Saturday, September 29, 2012

Invasive Species 101: Lionfish in Local Waters

Lionfish, Pterois volitans and Ptrois miles found very far from their native home
There are waves and trends that flow through every field from fashion to education.  Those particular two divisions melded together for me about 10 years ago when I bought a t-shirt that simply read "Green is the New Black".  Think about health food trends: oat bran, wheat bran, no carbs, vegetarian friendly - as our worldwide culture constantly evolves, there is also regular shifting among conservation efforts too.
The new eco-based 3 R's: Reduce, Reuse, Recycle

Once upon a time, recycling was depicted as a homeless person in the big metropolis pushing a shopping cart around and digging through trash in search of valuable glass bottles or aluminum cans.  Now theme parks with large mouse ears on everything boast recycling bins throughout the park, conveniently located right next to standard trash bins.  Small children in school are learning a very different 3 R's than our grandparents did: Reduce, Reuse, Recycle.  From experience I know that kids are getting that phrase hammered into their brains at a very early age; but do they really understand what it means and how to implement these changes in their everyday lives?  Eh, maybe / maybe not.

A few years ago, the theme of plastic tailgated the recycling party. While this is still an extremely important issue across the globe, as Heidi states in every episode of Project Runway, "One day you're in, and the next day you're out."  I watched the next trend and was very much involved in sharing the message of "Water".  Water is a limited resource and far more valuable than any fossil fuel, but just wasn't getting the attention deserved.  Too many people living in "civilized" areas were, and still are, taking water for granted.  Living in a state which suffers serious droughts and water restrictions most years has taught me how little human beings understand water as a limited commodity.  Florida might be surrounded by water, but it is undrinkable and would kill most plants. That particular concept I took on as personal challenge to teach to as many children as possible.  Kids simply don't often ask questions like: Where does water come from? Where does it go when I am done with it? What would happen if the water ran out?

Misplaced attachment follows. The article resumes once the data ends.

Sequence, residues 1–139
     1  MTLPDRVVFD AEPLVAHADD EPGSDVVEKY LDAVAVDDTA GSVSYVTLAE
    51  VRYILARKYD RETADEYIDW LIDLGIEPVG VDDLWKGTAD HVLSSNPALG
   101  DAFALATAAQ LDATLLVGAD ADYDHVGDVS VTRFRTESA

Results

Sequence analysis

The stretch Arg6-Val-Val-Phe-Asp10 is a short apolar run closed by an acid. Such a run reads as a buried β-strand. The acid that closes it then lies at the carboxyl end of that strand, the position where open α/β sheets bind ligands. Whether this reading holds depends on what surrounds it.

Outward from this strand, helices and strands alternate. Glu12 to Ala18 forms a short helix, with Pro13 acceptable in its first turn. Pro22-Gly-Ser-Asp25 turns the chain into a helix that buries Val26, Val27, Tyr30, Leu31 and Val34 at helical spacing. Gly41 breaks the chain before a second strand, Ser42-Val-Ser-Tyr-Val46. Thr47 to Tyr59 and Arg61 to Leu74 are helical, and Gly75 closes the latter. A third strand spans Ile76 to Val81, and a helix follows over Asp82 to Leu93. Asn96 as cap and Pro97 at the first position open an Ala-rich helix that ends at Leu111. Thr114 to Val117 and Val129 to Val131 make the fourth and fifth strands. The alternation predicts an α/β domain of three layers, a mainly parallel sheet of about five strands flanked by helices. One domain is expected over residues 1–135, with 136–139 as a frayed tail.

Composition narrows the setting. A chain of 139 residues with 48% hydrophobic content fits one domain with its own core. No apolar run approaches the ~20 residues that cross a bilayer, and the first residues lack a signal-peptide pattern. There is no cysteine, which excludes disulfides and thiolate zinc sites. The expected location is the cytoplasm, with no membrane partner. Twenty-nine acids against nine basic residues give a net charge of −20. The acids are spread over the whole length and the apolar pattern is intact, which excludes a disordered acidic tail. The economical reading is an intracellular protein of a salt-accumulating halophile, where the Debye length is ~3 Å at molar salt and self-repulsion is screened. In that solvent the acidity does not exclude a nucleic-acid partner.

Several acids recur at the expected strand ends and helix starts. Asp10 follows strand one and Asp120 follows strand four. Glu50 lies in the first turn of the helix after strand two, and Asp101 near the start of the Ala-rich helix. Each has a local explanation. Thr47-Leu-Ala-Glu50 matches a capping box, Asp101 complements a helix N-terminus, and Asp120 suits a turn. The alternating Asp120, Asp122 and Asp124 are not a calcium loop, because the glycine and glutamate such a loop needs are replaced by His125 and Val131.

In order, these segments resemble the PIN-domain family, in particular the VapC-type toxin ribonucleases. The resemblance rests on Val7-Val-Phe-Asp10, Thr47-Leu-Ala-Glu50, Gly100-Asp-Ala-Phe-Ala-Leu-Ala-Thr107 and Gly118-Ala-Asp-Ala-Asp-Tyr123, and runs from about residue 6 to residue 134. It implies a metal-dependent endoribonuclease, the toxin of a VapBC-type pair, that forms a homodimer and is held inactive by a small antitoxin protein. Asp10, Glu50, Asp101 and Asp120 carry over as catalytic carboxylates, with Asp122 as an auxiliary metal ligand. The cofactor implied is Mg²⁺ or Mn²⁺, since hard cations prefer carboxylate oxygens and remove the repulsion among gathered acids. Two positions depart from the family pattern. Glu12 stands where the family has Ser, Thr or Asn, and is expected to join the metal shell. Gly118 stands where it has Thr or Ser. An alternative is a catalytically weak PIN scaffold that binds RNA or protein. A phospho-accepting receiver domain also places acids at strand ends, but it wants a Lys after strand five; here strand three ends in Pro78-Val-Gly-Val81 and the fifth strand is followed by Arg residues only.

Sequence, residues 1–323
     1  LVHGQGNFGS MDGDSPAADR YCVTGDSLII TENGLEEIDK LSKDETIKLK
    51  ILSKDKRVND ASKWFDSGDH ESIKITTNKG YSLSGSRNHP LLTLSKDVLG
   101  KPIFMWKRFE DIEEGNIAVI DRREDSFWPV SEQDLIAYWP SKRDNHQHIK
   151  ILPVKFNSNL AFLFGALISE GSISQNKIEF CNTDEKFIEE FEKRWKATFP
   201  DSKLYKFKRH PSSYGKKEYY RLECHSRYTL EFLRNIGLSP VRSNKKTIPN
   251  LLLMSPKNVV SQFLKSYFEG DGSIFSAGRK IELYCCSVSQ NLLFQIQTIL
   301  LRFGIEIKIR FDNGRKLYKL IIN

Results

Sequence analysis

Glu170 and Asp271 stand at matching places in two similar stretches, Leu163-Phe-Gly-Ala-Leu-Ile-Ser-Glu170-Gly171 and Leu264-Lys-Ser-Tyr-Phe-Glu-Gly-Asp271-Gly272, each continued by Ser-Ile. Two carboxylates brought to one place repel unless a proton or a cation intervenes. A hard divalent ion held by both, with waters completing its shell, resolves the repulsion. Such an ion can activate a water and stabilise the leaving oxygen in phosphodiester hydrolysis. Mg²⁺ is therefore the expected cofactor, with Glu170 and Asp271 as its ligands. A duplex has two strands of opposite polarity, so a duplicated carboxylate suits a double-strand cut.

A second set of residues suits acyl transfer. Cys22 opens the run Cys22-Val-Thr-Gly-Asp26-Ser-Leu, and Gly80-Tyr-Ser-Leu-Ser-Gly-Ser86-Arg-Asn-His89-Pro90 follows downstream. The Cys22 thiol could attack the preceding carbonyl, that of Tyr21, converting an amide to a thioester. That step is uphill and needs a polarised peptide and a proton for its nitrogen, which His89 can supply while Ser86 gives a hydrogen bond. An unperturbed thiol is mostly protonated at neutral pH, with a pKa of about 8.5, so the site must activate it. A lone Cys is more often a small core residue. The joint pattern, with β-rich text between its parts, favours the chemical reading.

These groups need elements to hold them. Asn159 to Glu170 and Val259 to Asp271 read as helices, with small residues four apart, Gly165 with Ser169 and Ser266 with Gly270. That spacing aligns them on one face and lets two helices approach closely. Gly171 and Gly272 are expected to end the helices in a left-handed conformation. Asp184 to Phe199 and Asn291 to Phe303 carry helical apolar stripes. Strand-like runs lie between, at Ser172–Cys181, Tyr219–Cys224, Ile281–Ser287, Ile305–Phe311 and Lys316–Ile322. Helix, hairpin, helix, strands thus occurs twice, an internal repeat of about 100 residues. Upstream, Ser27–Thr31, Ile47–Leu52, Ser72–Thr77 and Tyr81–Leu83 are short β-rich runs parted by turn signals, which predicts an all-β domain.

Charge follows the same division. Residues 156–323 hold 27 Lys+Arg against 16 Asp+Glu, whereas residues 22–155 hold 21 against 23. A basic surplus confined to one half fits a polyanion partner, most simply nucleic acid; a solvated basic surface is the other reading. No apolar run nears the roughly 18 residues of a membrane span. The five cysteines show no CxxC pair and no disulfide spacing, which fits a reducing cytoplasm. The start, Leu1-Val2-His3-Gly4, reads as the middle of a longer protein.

These questions are just as important as recycling and global warming, plus all of those issues are integrated on a very tightly knit little blue planet.  In fashion, by the time a style or article of clothing makes it to the shopping mall, it is time for the industry to move on; otherwise, it wouldn't be cutting edge, right?  So, now that the plight of water has made it onto to episodes of Super Why (popular toddler's educational cartoon about reading/spelling on PBS and Sprout networks) and even become the main topic for the Girl Scouts of America's Brownie level Journey: Wonders of Water (W.O.W.), I look ahead and feel comfortable predicting the next new eco-friendly trend. By the way, I did also predict the water trend - so it helps my confidence in calling out the next play.

So what is the latest environmental impact that YOU should know about to remain cutting edge on the eco-front?